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The Mane Event: Horse and rider must trust each other in 'Cheval.'

Gala at a Gallop

Former Cirque du Soleil creative director mounts an equine extravaganza

By Tai Moses

Anything forced or misunderstood can never be beautiful. If a dancer were forced to dance, she would be no more beautiful than a horse trained under similar circumstances. The horse must make the most graceful and brilliant appearance in all respect of its own will.

Xenophon, The Art of Horsemanship

THE GREEK historian and cavalry officer Xenophon wrote these words, taken from one of the earliest known texts on equitation, in 360 B.C.E, but they could easily serve as the credo for Cheval Theatre, the equestrian show that opens May 1 in San Jose under the world's largest hand-painted big top. Thirty horses, representing 17 different breeds, and 30 human performers demonstrate equine-human interaction in its highest form.

This interspecies theatrical collaboration is the brainchild of Gilles Ste-Croix, the co-founder of Cirque du Soleil and the creative force behind a decade of wildly popular Cirque du Soleil shows such as Alegria, Quidam and Dralion. With credentials like that, it's no surprise that Cheval displays classic Cirque du Soleil sensibilities, from the ethereal music, audacious makeup and elaborate costumes to the imaginative sets (set designer Michel CrÍte has designed many Cirque du Soleil shows) and even the lighting, designed to correspond to the color of the horses' coats, which are curried to a high sheen.

A romantic-comic plot, about a man who must overcome his fear of horses before he can win the heart of the woman he loves, also runs through the 90-minute performance.

In a phone interview, Ste-Croix comes across as thoughtful, modest and even poetic. It's clear from the words he chooses to describe them that horses have been in his thoughts for a long time. In fact, when Cheval had its world premiere in Montreal in May 2001, he realized a lifelong dream.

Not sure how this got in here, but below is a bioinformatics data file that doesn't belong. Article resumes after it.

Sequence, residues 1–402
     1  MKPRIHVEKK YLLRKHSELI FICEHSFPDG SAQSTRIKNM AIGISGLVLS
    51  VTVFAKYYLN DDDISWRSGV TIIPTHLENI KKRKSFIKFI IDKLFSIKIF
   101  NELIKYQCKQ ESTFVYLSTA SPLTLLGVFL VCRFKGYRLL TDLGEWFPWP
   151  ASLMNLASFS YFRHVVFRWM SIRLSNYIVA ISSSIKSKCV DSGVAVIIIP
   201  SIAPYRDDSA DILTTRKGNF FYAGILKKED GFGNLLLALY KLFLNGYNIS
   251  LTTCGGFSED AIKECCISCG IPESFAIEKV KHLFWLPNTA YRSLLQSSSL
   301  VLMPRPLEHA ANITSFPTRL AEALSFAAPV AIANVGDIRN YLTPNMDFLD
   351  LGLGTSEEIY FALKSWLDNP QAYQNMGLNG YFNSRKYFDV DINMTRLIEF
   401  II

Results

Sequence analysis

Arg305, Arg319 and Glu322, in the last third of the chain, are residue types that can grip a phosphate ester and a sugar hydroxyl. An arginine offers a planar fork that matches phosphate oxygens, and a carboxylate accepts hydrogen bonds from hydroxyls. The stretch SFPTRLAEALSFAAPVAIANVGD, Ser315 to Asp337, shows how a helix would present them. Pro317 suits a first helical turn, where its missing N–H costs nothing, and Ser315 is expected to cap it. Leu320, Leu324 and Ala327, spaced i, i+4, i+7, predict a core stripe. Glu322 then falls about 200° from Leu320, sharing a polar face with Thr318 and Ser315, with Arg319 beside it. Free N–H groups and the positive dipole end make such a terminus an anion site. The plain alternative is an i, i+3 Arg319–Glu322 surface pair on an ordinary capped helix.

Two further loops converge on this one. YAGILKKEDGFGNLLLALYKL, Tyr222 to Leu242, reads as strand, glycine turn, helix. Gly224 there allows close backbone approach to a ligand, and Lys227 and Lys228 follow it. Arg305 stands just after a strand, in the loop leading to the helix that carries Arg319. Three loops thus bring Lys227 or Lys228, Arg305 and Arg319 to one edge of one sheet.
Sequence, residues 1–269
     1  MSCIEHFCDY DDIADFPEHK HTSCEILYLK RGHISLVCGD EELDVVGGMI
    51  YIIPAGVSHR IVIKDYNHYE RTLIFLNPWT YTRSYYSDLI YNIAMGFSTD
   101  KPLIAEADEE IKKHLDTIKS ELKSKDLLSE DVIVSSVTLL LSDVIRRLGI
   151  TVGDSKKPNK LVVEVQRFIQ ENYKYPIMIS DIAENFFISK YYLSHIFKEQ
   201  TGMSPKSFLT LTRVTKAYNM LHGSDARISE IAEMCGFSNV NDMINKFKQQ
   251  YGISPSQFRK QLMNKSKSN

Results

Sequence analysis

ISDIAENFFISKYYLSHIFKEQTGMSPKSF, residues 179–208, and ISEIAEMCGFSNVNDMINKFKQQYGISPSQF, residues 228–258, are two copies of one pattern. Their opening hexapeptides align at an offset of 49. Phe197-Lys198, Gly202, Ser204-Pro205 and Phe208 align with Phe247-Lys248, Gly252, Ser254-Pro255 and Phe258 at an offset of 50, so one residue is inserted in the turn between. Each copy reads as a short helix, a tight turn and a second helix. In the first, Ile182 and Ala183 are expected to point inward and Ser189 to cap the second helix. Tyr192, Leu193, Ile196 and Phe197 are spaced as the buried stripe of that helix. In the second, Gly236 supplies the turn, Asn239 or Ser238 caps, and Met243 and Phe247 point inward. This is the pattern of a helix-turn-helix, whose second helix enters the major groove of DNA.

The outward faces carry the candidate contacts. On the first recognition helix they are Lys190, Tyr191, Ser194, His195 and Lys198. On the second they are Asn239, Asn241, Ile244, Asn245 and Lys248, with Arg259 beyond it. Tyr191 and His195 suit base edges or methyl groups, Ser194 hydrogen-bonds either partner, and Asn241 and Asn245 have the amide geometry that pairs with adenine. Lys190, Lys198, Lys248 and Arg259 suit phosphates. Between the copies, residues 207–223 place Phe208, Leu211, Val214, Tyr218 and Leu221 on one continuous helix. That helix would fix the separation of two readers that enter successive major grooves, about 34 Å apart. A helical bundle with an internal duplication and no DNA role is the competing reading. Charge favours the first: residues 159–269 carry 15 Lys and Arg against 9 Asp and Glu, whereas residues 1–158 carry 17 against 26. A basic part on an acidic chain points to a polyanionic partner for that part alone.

Raised on a farm in Montreal, Ste-Croix grew up around horses and was lucky to have a father whose method of horse training, he says, "was being very gentle and very kind." In 1999, Ste-Croix decided to take a break from Cirque du Soleil to assemble the cast members for Cheval. He needed horse trainers, acrobats, actors, vaulters, musicians, trick riders and dancers, and, of course, horses.

"If you're going to do a show with horses you have to find beautiful and talented horses," Gilles explains. In his search for equine talent, beauty and brains, he kept an eye out for horses who already showed natural ability at certain things.

Equestrian theater has long been a major art form in Europe, but only recently has it begun to make inroads into the United States, where people are generally divided into two camps: horsy people and nonhorsy people. Ste-Croix hopes Cheval will demonstrate to the latter that "horses are individuals--they are talented and sensitive."

"People come to horses through their history," he says, "and the history here is very Western, with rodeo and competitions. The last great pantomime with horses was done by Buffalo Bill, when he re-enacted the taming of the Wild West." The Wild West archetype of man vs. mustang is as far from Cheval as a Laramie, Wyo., ranch is from a Loire Valley castle (the inspiration for Cheval's round, multipeaked tent).

Strengthening equine-human bonds is one of Ste-Croix's goals. He hit upon the idea of introducing audience members to horse culture by having them walk through the stable tent on their way into the big top. That way, he says, spectators can see the horses preparing for the show and get up close to them, making the ensuing theatrical transformation even more magical.